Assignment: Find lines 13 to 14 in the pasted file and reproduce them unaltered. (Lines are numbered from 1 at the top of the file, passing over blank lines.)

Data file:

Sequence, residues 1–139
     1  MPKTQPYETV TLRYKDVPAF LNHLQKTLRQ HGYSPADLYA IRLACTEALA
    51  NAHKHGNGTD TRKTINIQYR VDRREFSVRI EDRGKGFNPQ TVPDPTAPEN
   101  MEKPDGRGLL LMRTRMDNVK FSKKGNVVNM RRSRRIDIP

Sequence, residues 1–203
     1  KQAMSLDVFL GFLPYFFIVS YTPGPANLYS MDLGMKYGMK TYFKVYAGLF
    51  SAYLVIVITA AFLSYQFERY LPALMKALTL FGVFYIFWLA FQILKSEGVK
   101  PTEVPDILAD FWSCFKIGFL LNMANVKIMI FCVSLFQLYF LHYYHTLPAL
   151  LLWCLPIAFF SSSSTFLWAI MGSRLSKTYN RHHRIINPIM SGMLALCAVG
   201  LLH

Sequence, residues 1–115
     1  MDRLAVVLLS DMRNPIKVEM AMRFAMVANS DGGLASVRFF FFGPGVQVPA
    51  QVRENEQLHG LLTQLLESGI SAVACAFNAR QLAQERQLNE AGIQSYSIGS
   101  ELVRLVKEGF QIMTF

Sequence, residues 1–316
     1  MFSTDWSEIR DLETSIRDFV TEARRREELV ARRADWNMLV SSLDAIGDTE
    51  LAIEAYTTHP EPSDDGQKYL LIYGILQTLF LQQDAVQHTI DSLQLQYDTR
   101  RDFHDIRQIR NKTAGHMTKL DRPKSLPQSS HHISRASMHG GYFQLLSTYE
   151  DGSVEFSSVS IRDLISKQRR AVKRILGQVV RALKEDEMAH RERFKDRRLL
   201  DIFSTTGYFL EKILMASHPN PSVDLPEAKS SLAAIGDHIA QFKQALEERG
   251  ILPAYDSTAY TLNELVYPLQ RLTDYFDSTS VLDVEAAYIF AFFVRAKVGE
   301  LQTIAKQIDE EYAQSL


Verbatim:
    51  QVRENEQLHG LLTQLLESGI SAVACAFNAR QLAQERQLNE AGIQSYSIGS
   101  ELVRLVKEGF QIMTF